This is new to a lot of students, but in many ways, online learning is similar to learning in person: you need to dedicate a significant amount of your time, attend your classes on a regular basis, concentrate while studying, and stay committed.
When you're studying online you should:
- Get your device ready and working
- Be on time
- Wear appropriate clothing
- Be microphone aware
- Remember, this a “real” course; treat it like one
- Decide on a dedicated study space
- Save and backup your work regularly - be willing to become tech-savvy (or be able to call upon someone who is)
- Avoid distraction
- Keep to a schedule
- Ask for help when you need it
- Take study breaks
- Stay connected
- Participate in any class activities
- Think before you type or talk
- Keep going
Get your device ready and working
Whenever you are taking part in online learning, it's vital that you have your device ready beforehand. Having to sort out technical issues as the events starts will be wasting everyone's time. Follow these steps to have you up and running:
- Read and understand the instructions you were given to join the session.
- You may have to download specific software to be able to access your online learning. Give yourself plenty of time beforehand so you can make sure the software works. Don't do this 5 minutes before the event is set to start! If you are using a phone or a tablet, you might need to go to the app store to get the software
- Are you able to test the joining instructions? If you can, do this so that you know that you can see and hear everything ok before you start.
- At the very least you will need to be able to hear your tutor, so make sure the device you are using has speakers or that you can attach headphones. Check these are enabled and that you have not muted them
- Think about investing in good quality headphones. If you're sharing a space, you might need headphones to hear what is being said, and conversely, those you are sharing space with may not want to hear what is being said to you
- If you're using a laptop, tablet or phone, make use it's fully charged before you start and keep an eye on battery levels.
- If you use an online calendar, add the online learning session as an event and include the joining link. This will make life easier for you when the time comes to join, as you won't need to go looking for the link.
Be on time
Related to the above, be ready to start at the given time. You'd turn up on time for a face-to-face class, so do the same for the online class.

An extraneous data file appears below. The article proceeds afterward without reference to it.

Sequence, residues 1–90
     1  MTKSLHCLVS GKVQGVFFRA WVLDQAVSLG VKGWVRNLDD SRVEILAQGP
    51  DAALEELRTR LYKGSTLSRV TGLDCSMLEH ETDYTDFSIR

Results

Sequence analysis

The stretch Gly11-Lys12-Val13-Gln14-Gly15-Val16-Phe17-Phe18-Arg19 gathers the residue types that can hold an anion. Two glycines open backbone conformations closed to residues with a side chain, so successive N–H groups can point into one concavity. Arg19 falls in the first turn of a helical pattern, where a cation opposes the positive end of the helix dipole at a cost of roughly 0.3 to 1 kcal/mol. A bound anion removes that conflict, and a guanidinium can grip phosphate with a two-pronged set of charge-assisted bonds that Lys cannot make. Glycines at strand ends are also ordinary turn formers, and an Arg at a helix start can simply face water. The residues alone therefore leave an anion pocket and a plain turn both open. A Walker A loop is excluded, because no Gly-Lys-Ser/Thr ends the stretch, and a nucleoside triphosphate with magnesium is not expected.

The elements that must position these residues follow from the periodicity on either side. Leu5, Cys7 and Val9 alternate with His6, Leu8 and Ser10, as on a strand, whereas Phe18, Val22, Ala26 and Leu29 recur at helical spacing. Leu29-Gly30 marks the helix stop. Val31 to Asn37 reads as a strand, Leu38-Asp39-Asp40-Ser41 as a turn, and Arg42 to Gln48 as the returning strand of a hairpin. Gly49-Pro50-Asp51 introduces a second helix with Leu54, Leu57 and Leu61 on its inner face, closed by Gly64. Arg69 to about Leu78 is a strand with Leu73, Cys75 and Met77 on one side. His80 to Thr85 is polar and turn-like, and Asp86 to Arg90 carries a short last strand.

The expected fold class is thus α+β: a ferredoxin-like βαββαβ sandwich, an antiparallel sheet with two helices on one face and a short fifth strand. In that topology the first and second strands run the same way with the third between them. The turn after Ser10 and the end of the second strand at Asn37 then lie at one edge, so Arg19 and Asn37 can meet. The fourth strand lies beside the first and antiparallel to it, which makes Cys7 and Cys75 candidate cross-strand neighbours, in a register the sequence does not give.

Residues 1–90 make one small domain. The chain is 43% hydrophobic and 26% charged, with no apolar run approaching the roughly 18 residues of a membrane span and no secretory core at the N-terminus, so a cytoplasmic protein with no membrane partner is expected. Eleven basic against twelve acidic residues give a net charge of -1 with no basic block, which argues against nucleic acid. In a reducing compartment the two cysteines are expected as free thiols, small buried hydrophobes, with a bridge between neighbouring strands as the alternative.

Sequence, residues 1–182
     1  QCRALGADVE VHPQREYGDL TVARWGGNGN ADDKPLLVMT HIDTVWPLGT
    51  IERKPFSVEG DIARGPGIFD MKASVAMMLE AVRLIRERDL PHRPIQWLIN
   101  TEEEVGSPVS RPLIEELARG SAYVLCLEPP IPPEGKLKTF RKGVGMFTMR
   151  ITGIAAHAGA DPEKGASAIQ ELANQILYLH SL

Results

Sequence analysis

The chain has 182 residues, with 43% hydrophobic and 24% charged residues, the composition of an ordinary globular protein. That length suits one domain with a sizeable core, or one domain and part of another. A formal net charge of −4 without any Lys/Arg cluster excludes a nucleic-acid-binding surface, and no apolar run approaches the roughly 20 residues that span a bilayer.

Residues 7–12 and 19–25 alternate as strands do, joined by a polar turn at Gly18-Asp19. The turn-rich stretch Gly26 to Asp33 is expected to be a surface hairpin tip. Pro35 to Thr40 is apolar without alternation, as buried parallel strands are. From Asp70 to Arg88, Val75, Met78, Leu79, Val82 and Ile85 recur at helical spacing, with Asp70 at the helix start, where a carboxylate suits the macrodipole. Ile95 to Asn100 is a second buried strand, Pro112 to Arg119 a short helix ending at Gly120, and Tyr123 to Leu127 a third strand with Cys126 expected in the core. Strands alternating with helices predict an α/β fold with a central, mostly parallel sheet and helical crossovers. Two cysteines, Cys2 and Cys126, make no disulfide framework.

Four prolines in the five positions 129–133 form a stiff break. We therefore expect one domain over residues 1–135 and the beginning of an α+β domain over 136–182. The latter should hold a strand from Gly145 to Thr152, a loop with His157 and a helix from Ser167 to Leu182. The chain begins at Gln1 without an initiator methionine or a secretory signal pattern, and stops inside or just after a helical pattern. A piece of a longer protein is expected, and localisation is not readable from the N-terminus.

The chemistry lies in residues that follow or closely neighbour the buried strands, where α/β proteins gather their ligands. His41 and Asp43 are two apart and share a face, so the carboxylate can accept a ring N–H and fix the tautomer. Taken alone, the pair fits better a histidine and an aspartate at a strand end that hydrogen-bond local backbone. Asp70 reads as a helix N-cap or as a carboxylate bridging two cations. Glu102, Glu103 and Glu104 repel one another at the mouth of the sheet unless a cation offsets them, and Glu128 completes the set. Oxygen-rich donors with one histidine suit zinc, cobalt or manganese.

Wear appropriate clothing
You wouldn't turn up for a face-to-face class in your pyjamas, so don't be tempted to do that for an online class. Sleepwear might give the impression that you;re not taking this seriously. Wear the same gear you would for a face-to-face class.
Be microphone aware
Keep your microphone on mute. Your classmates and teachers will be able to hear noises in your background such as chewing, sneezing, and tapping your pen or pencil, so muting your microphone will avoid sharing distracting noises
Remember, this a real course: treat it like one
Plain and simple: treat your online classes the same way you would a face-to-face class. Avoid side conversations and multitasking and pay attention. Save meals and snacks for between your classes; eating in class would be the height of bad manners and being in a virtual classroom is no different, plus if you have forgotten to mute your microphone, everyone gets to see and hear that you're eating.
Decide on a dedicated study space
Find a space where you're comfortable studying. Ideally this place should be quiet, organised, distraction-free, and available for use at any time. Where you work is an important concern when you're studying online. The space that you choose should help you to maintain a good study routine. Adjust as necessary until you're happy
Save and backup your work regularly
Technology glitches happen all the time. When many people are working or studying from home, there may be issues with Internet connectivity. To avoid bad things from happening, ensure that you save your work repeatedly, and backup regularly using Google Drive or another cloud storage service. Ensure you can access your work from your smartphone or tablet, if needed. Make a backup of your online course material and assignments in case you lose connectivity. Don't let the Internet eat your homework.
If your word-processing software has an AutoSave function, make sure it's turned on.